“They felt they were intrusive,” he says.

“It caused some angst.”

Farmers with a number of dams on their farms believed they would have to supply details for all their dams, rather than just the large ones exceeding the threshold to be set by the new regulations. Auckland Council was the only one so far to write to farmers about the new regulations, which saw the matter referred to its rural advisory group which meets regularly to discuss issues impacting the agricultural sector.

Clark, who is the federation’s representative on a technical working group set up to give guidance on the dam regulations, says there is no ballpark figure as to how many dams around the country they might capture. Regional councils would know the number of dams they had consented in recent years but not those predating their establishment. And he says there is no mention of fish traps in the draft regulations.

Auckland Council’s manager, proactive compliance, Adrian Wilson, says it sent letters to 177 properties in July 2021 regarding dams on their land.

“What dam owners will be required to do to comply with the regulations will depend on the dam’s height, capacity, and potential for downstream impacts,” he says.

The new regulations would apply to any dams four metres or higher with a volume of more than 20,000m3 or eight Olympic-sized swimming pools, or greater, or 1m or higher with a volume of more than 40,000m3 or 16 Olympic-sized swimming pools, or greater.

Landowners will also be given information on how to measure and calculate the size of their dams.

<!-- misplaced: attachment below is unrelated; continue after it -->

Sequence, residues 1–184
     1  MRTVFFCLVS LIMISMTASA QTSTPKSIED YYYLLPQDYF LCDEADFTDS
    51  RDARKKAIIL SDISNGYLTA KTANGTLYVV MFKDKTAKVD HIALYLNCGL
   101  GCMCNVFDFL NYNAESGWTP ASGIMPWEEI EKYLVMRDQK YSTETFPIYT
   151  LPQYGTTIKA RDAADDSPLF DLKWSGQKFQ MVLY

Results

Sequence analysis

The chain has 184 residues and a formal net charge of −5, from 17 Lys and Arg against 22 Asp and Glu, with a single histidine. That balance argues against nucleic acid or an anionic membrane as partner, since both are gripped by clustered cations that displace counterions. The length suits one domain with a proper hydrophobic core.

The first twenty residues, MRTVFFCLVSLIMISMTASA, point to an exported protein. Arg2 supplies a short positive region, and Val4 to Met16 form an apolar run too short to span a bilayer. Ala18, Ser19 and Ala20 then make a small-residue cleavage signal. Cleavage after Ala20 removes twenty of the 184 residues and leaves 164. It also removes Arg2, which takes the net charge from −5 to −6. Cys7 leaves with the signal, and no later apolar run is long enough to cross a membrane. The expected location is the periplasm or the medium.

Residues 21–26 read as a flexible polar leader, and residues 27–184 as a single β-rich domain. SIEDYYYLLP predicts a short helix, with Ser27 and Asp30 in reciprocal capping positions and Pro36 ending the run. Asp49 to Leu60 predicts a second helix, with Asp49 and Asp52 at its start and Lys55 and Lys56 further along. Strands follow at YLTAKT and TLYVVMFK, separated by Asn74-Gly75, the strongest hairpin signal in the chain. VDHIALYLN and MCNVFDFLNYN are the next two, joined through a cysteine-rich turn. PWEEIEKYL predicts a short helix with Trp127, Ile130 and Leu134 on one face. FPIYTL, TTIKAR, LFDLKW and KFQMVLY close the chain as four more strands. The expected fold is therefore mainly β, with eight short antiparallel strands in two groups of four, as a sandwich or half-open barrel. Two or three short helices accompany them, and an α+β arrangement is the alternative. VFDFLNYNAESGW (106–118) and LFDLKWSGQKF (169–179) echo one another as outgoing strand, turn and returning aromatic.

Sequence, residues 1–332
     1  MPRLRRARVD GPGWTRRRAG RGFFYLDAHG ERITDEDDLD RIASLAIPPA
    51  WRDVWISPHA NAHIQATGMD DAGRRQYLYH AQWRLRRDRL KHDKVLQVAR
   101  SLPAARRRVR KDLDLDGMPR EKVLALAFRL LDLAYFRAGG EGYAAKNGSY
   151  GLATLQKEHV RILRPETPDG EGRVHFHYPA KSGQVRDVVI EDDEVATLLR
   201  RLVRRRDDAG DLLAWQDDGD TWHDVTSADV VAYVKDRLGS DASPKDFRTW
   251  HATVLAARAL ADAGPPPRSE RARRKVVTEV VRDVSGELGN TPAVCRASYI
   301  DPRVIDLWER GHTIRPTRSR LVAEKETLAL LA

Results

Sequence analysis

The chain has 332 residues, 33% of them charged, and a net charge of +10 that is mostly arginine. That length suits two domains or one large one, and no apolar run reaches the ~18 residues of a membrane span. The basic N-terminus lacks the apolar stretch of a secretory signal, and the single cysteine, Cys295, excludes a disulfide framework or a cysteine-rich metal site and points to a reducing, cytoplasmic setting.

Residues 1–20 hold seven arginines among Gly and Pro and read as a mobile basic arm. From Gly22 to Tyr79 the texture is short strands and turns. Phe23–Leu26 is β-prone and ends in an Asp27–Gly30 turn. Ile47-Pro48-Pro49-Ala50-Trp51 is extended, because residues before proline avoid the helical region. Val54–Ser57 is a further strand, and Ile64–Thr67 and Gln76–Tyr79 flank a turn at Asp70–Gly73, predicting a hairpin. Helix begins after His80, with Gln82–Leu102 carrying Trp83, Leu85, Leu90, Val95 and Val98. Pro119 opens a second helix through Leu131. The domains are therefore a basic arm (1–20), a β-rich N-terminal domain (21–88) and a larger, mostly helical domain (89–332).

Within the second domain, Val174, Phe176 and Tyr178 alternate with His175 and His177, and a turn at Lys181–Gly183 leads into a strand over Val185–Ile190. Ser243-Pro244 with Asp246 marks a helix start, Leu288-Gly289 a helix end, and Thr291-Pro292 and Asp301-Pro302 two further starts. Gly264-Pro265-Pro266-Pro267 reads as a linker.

“It is our opinion that the majority of those who received letters will not have to do anything to comply, as small stock watering ponds and other small farm dams are most common and are unlikely to exceed the above criteria,” he says.

But the council had a duty to ensure property owners were aware of the changes to legislation and so had sent the letter to a small cross-section of members of the federation.

The Ministry of Business, Innovation and Employment (MBIE) says in July and August 2019 it consulted the public on a proposed regulatory framework and following feedback policy decisions were agreed in March last year.

It’s drafting the regulations and expects to finalise those in the first half of this year. There’s then a two-year period until they come into force giving dam owners time to check whether their dam is big enough to be included in the regulations. During that time MBIE says it will support dam owners to check whether their dam will be included and, if they do, how to meet their obligations, with more resources being made available over the rest of this year.

Farmers will have a further three months to classify the potential impact of the dam’s failure on people, property and the environment. That will confirm whether a dam has a medium or high potential impact with owners having one year to complete a dam safety assurance plan for high potential impact dams and two years for medium potential impact dams.

The intent of the regulations is that small or remote dams are either excluded from the regulatory framework or most of the ongoing obligations. Structures such as stock drinking ponds, irrigation races, weirs and small ‘turkey nest’ dams would not be included in the regulations and MBIE expects most agricultural dams would face no or few regulatory requirements. It will produce a tool which should be available by the middle of the year to help dam owners calculate their size and whether it is big enough to be included in the regulations.